Corruption in Transitional China is an invaluable and informative volume for
anyone interested in corruption issues and anti-corruption policies not only in
China but applicable elsewhere.
This is the first-ever work offering comprehensive quantitative and qualitative
analyses of the manifestation and determinants of corruption throughout China
between 1979 and 2012. Among other observations, the evolutionary process
in the nature and forms of corruption are closely related to changes in Chinese
government economic and fiscal policies. It is so comprehensive it could be used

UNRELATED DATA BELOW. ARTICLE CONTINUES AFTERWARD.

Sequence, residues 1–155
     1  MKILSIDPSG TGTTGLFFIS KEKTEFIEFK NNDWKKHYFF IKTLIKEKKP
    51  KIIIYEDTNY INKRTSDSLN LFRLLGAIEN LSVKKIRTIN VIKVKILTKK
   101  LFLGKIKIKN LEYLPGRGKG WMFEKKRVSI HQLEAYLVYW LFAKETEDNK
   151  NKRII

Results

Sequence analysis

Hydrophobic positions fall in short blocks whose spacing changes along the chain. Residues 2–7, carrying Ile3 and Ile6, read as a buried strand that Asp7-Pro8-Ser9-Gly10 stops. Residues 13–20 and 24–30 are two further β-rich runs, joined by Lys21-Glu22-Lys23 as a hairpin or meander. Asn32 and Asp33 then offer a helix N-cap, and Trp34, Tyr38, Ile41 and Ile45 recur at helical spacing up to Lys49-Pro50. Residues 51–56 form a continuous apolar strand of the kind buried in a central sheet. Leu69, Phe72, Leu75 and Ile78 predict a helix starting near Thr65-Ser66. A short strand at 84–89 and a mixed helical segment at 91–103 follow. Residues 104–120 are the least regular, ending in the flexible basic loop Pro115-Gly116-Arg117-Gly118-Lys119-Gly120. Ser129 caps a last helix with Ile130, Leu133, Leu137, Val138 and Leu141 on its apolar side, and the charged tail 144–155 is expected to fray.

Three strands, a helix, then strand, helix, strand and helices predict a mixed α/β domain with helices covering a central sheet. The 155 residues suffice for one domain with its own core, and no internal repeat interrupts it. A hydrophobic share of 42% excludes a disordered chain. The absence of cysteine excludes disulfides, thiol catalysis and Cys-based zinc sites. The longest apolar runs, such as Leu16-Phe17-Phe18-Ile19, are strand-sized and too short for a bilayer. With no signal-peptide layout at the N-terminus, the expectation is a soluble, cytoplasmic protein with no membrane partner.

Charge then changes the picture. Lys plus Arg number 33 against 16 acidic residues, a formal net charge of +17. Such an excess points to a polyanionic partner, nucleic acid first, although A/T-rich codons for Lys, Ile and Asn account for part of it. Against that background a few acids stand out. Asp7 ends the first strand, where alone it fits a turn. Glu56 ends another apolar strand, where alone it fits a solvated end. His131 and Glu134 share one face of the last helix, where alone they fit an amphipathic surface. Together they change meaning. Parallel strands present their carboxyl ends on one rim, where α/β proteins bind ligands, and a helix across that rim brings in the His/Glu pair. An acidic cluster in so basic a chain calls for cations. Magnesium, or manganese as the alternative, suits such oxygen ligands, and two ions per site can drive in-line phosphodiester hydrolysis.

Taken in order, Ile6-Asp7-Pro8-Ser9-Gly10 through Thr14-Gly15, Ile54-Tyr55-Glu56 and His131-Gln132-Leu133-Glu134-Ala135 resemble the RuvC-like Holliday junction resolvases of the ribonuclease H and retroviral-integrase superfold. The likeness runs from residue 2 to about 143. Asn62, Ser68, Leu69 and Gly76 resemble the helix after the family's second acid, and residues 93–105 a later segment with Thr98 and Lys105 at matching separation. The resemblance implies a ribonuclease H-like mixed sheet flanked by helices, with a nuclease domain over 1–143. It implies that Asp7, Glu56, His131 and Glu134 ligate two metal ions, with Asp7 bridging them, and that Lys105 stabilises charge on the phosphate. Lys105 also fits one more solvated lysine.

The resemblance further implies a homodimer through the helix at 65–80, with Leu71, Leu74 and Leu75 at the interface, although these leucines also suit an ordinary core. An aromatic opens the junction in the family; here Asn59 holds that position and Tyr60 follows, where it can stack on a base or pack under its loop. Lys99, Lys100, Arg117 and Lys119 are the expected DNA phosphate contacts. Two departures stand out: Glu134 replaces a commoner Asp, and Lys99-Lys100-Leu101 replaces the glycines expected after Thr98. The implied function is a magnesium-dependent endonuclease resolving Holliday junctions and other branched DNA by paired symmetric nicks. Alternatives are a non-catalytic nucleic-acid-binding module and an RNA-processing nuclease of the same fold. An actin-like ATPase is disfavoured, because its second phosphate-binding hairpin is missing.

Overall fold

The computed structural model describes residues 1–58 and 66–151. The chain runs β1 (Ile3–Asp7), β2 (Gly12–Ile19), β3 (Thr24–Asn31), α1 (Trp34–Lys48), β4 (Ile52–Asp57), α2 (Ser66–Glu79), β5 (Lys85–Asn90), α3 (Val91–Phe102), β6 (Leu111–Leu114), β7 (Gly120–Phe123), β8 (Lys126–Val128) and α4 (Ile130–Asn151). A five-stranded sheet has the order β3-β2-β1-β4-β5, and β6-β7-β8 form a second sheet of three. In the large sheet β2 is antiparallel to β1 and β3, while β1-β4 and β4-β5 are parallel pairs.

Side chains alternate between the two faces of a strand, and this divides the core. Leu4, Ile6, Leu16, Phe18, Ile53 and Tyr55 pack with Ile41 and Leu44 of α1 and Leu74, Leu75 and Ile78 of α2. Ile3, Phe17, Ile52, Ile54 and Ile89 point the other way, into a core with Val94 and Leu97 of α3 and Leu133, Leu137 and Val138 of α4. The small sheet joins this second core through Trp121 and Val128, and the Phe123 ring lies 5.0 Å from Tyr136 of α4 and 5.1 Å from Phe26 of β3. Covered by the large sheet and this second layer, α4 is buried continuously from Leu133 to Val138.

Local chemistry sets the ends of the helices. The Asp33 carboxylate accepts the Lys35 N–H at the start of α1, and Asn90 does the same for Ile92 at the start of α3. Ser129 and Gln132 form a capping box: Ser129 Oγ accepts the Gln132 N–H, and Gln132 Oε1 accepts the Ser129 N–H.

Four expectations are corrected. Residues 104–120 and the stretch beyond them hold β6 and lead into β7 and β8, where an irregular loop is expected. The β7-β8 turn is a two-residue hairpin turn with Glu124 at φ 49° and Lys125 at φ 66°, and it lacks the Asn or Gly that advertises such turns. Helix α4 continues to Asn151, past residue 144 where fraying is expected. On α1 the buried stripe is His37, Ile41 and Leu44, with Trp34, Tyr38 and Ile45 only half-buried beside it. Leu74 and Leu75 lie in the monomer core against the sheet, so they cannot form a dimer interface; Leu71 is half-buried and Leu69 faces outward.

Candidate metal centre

as a reference work while parts of it read like a novel as the author illustrates types of corruption with typical cases.
This research is descriptive and exploratory. With no centralized national
data statistics, this work is based on five years of personal painstaking
research by the author to gather 33 years' data covering all 31 Provinces of
China from Procuratorate Year Books and Working Reports and other official
announcements and proclamations by the central government agencies.
The author clearly identifies three stages of social, economic, and political
evolution as well as three stages of corruption, each with identifiable patterns
with different dominant corruption types and law enforcement anti-corruption